Expert View: Would you join the big boys in backing the small fry?

Investment in smaller, unquoted firms is classified as very high risk
Click to follow
The Independent Online

Pre-flotation investment is normally an institutional play, with the big boys getting in early so they can benefit from the uplift on listing. Usually, the private investor is left out.

There are a number of regulatory and practical reasons why this is so, such as the amount of paperwork required and the resulting prohibitive cost.

But it doesn't have to be the case that the heavyweight financial institutions get all the cream. Venture capital trusts (VCTs) have encouraged backing for smaller, unquoted firms by offering private investors tax incentives in return for a specified period of investment, usually five years. And with the private equity market hitting record inward-investment levels in 2006 and predicted to be as strong in 2007, possibly because private company valuations seem reasonable now, individuals are seeking ways to get involved at the pre-float stage.

But the potential for high returns comes at a price. These investments are classified as high or very high risk due to the potential for failure prior to flotation, or more likely because the company will take a lot longer to reach the listing stage than it predicted, with the result that investors are denied a way out.

In order to balance your portfolio, most pension and investment advisers have suggested a level of 10 to 15 per cent of your assets in high-risk investments. Individuals now have the opportunity to get in at the pre-float stage but, as these investments are classed as high risk, not all are allowed to.

City regulator the Financial Services Authority (FSA) agrees that the only people potentially eligible are those known as intermediate clients.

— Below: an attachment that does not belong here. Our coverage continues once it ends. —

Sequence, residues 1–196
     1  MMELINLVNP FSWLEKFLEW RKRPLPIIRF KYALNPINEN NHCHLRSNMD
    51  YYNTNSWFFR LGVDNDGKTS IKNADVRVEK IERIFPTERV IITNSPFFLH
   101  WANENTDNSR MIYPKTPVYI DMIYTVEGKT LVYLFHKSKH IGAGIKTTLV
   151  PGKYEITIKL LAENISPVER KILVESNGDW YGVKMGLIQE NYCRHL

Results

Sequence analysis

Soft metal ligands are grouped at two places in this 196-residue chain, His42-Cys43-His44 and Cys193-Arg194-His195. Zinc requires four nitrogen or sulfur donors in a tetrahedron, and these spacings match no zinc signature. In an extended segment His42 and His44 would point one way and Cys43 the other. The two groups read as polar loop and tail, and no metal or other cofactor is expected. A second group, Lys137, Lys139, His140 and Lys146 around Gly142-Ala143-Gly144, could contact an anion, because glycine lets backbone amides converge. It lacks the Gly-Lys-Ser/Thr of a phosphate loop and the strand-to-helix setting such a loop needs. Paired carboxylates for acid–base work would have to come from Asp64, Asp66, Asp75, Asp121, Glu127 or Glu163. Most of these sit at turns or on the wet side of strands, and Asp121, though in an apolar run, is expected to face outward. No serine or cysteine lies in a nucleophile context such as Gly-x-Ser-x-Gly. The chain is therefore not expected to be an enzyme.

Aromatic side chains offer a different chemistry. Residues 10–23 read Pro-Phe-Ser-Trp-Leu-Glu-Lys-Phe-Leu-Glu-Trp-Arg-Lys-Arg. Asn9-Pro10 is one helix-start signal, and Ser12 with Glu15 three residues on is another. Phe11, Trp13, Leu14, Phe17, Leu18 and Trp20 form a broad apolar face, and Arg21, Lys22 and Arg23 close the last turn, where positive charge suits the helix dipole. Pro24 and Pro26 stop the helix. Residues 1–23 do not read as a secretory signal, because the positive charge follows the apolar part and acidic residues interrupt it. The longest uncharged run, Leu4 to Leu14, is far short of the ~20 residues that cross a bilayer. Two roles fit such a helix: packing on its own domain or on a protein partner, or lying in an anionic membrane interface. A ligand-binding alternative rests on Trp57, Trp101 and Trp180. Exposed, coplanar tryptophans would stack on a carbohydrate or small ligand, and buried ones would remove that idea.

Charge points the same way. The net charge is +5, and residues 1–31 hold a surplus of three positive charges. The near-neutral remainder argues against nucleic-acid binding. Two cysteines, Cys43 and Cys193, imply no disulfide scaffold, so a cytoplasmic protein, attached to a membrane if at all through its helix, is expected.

These are customers who can demonstrate enough experience in financial matters and a high enough net wealth that were these investments to become worthless, their livelihoods wouldn't be ruined.

An additional price that these intermediate clients must pay is that they have to opt out of many of the protections provided by the FSA.

Under the Enterprise Investment Scheme (EIS), ironically, the Government provides tax incentives for individuals to support growing businesses that are looking for a quote at some time in the future.

Unlike with a VCT, where your investment would be spread over a number of companies, you can pick and choose your own. And the tax incentives can be quite substantial.

There is an initial 20 per cent income tax rebate on your investment in the following financial year, and such schemes are also free of inheritance tax after two years, while they become totally free of capital gains tax after three years.

VCTs have a tax break of 30 per cent over a five-year period. If the shares are disposed of at a loss, that deficit can be set against capital gains or income in the year of disposal.

Within the Budget in 2006, the Government paved the way for self-invested personal pensions (Sipps) to invest in private equity. This is a big breakthrough for the private client as it makes it possible to dispose of the stake after a listing and make any capital gain tax free without having to wait for three years.

Whether or not the Sipp administrators will allow this remains to be seen, but legally it is now possible. Over time, pension managers will be advising their clients to invest a sensible proportion of their Sipp fund in pre-float opportunities.

As the Alternative Investment Market, the junior listing of the London Stock Exchange, gains popularity, with more and more companies joining, the opportunities for private investors to get involved at an early stage become more apparent - whether it's through their Sipp, EIS or intermediate client. Not all companies will get a quote, but those that do could generate quite a substantial uplift.

So there are ways to join in with the institutions, but remember, many early-stage companies fail and high potential rewards entail high risk.

Rob Holgate is chief executive at Wills & Co.

Comments